sexual predator r. A young Kelly victim said her sentence in a US court on Friday freed her of the burden she was carrying.
Faith Rodgers told reporters she was now able to move on with her life, facing the prospect of dying in prison after decades of sexually abusing women and children who abused her.
“I don’t have to explain myself anymore,” said 24-year-old Rodgers.
“There is no black and white” since the sentence. “So it takes the weight off my chest.”
Kelly, 54, was found guilty in September of nine criminal counts, including the most serious of racketeering, after six weeks of disturbing testimony.
A jury heard how he recruited women and teens for sex for decades before grooming and brutally abusing them.
Rodgers said of his expectations for Kelly’s May 4 sentencing, “I have nothing to say to him. I don’t want to see (him) anything.”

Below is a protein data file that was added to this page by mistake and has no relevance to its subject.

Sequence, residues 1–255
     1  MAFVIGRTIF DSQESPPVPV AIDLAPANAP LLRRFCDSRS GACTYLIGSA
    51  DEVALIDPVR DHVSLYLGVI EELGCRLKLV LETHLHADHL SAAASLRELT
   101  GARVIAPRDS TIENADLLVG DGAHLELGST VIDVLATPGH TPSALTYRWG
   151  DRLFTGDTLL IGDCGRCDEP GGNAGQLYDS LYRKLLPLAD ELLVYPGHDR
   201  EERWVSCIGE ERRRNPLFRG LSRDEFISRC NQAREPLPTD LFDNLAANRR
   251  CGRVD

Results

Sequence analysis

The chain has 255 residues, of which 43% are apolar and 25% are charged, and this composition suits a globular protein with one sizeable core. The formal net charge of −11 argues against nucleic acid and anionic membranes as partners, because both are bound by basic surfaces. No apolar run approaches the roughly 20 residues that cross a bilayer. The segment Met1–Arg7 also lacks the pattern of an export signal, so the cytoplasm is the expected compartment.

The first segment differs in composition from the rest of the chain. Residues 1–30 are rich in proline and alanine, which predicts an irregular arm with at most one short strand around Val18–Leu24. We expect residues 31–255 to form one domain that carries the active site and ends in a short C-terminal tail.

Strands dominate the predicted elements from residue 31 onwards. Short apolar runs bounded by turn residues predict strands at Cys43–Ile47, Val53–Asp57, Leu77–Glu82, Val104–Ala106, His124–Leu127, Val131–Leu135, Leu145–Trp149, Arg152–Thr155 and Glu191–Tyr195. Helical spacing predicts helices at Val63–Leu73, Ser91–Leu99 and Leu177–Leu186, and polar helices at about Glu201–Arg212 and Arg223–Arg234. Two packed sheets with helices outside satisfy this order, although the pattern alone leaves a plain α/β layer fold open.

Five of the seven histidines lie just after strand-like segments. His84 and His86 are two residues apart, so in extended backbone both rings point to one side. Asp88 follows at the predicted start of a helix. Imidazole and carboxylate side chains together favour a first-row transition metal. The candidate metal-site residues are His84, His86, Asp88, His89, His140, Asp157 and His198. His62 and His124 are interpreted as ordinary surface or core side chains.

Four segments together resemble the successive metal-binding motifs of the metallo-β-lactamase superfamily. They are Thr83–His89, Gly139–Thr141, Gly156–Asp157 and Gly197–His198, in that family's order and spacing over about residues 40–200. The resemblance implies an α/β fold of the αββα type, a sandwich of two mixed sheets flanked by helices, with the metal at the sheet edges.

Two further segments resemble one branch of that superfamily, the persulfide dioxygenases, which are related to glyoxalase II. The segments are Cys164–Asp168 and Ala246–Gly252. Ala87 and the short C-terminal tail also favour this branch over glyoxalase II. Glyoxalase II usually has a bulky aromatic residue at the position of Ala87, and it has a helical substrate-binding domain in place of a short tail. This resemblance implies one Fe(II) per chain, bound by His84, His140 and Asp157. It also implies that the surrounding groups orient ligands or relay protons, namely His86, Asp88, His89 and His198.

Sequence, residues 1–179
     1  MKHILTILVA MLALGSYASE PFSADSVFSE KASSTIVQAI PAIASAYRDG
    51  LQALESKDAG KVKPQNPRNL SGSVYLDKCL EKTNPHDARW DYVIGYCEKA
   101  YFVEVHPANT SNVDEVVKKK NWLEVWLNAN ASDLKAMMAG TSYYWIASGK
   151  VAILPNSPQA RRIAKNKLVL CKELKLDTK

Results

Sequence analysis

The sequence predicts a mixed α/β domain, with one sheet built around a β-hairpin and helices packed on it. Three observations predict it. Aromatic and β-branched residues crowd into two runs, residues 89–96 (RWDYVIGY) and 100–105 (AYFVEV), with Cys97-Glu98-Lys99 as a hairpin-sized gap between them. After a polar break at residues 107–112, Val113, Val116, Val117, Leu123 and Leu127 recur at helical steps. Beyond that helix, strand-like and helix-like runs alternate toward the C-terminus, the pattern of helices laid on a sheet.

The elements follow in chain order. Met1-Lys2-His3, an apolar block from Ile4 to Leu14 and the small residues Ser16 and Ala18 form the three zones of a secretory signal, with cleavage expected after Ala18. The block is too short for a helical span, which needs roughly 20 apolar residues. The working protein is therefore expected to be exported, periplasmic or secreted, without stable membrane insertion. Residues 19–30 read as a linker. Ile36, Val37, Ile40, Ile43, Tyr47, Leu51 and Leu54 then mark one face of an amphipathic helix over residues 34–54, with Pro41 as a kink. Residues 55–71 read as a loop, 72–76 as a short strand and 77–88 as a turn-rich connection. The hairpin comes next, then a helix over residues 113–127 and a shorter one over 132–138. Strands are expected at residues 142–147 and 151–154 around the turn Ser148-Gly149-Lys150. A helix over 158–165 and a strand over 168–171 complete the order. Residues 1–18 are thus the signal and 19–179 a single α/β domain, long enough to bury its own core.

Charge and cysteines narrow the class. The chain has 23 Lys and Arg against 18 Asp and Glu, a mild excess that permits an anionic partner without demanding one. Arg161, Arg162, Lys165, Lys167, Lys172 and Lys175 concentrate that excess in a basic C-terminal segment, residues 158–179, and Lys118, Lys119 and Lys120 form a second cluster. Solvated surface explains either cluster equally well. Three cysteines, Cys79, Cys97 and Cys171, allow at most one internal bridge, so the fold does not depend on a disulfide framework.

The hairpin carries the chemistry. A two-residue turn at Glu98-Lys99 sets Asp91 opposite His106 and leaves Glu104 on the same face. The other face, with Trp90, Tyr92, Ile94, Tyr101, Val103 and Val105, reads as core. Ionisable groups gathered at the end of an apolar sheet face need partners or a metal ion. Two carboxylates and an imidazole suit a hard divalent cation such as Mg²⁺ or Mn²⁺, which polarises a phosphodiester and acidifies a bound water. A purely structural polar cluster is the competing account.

“Forgiveness is a conviction.”
Rodgers met Kelly in 2018. He says they initiated “non-consensual, painful and abusive sex” and infected them with sexually transmitted diseases.
The case against Kelly, which was delayed for more than a year by the pandemic, is a milestone for the #MeToo movement because it was the first in which most of the complainants were black women.
Rodgers, who was speaking in Los Angeles, said Kelly’s six-week trial in New York was difficult.
“There’s a lot of arrogance… in the courtroom the whole time.
“I knew he was trying to seduce me and … shake (me) up a bit.
“That behavior was very, I would say, childish and not appropriate.”
Perhaps, he suggested, punishment would be the right time for Kelly to show remorse.
“What I would like to see at that time is a little bit of remorse and accountability,” she said.
(Except for the title, this story has not been edited by NB staff and is published from a syndicated feed.)